To a man, the LOS ANGELES (4-2, page 26) players maintain that their drive for the pennant is a team effort. There is, however, no way to overlook individual efforts. There was Willie Davis scoring all the way from first on a single for the winning run in a 3-2 game. There was Dick Schofield (below) getting key hits. There was Reliever Ron Perranoski striking out a record-tying six batters in a row. There was Don Drysdale spending a day with a horse he owns named Comebacker and then pulling a mild comeback of his own by beating the Pirates 5-3 for his first win in four weeks. And there was Lou Johnson, the man with the half-ear and L.B.J. for initials. Sweet Lou his teammates call him. Last week Sweet Lou helped forge four wins as he hit three homers, drove in nine runs and batted .347. The Dodgers had all but stashed away another pennant by taking two of three from the Pirates, when strange things began happening. For the first time since the Dodgers moved into Chavez Ravine in 1962, it rained during a game. It was no help, however, as frustrated PHILADELPHIA (2-3), with Larry Jackson on the mound, won 4-0. That cut the Dodger lead over the Pirates to 1½ games, leaving L.A. with only a half-game profit to show for the week. After Sandy Koufax had apparently finished off PITTSBURGH (3-2) in more ways than one, Roberto Clemente had a few words to say about baseball's foremost arthritic. "If I have an injury they call me a goldbrick," Clemente said. "But with Koufax, they make him a hero. Sore elbow, my foot. He threw as hard as ever. I don't say his arm isn't stiff after he pitches, but he couldn't pitch like that if it hurt very bad." The Pirates fought back into contention by beating the Dodgers 9-5 and then, with Woody Fryman pitching his first complete-game win since July 9, took care of the Giants 4-0. Earlier they had pleased a group of 80 fans who had bussed some 1,300 miles from Rimersburg, Pa. to Houston, where the Pirates won 9-3. SAN FRANCISCO (3-3, page 28) could not get out of third place. Owner Horace Stone-ham signed up Manager Herman Franks for next year, saying, "There might be a psychological effect on the club knowing he's going to be here again." The Giants' psyche got several other jolts, the most severe coming when Met rookie Bud Harrelson stole home with the winning run in the ninth. But that was the only win all week for NEW YORK (1-6), awash in a sea of errors and poor pitching. CHICAGO (2-5), entrenched in the cellar, managed to end an eight-game winning streak by the Braves and a seven-game string by the Cardinals. CINCINNATI (0-5), without a complete game for the third week in a row, kept on losing. HOUSTON (4-1), scoreless for 43 innings, unloosed 57 hits for four wins. The Astros' 32 runs in those games matched their total in 15 previous contests. Leaders in the sudden offensive spurt were Chuck Harrison (8 for 19) and Sonny Jackson (14 for 25). ATLANTA (5-1) rookie Pat Jarvis won his fifth game in a month as the Braves continued to play the best ball (16 of 19). Bob Gibson became the third ST. LOUIS (5-1) pitcher ever to win 20 games two years in a row. Curt Flood, who hit .391, traced his splurge to a one-word sign in his locker: CONCENTRATE.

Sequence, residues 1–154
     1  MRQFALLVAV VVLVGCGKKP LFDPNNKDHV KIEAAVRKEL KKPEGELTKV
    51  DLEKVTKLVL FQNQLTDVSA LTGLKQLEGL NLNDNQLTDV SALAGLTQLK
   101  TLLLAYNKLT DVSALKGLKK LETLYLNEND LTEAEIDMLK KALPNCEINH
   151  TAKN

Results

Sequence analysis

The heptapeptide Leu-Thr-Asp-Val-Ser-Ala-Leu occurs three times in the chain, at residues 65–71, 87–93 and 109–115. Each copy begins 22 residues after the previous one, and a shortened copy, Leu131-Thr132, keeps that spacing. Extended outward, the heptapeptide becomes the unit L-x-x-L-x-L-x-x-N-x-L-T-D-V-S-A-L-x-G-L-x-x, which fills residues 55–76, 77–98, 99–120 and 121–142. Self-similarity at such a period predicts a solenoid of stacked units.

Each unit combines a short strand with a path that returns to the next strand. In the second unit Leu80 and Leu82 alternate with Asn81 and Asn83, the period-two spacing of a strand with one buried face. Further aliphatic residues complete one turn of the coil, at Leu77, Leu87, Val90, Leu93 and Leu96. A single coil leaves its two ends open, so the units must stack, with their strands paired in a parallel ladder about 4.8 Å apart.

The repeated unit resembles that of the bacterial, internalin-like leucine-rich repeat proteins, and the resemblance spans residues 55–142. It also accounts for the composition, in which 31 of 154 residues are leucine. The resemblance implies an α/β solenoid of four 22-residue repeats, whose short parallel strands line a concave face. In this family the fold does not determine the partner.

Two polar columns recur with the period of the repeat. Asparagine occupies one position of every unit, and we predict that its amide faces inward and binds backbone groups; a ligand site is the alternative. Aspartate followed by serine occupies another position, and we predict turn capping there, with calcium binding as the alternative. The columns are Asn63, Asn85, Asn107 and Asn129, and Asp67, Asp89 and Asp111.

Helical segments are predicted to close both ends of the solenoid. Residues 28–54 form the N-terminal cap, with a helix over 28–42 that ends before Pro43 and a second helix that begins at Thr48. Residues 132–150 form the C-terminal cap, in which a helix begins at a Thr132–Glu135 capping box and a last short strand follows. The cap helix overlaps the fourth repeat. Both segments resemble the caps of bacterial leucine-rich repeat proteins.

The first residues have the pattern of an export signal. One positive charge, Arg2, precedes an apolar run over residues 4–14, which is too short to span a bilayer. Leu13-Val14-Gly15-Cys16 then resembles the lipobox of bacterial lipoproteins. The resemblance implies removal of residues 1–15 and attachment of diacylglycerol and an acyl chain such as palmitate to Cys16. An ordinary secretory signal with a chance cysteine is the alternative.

Standings: LA 87-61, Pitt 86-63, SF 85-65, Phil 80-70, StL 79-71, Atl 79-71, Cin 71-77, Hou 67-85, NY 61-90, Chi 54-96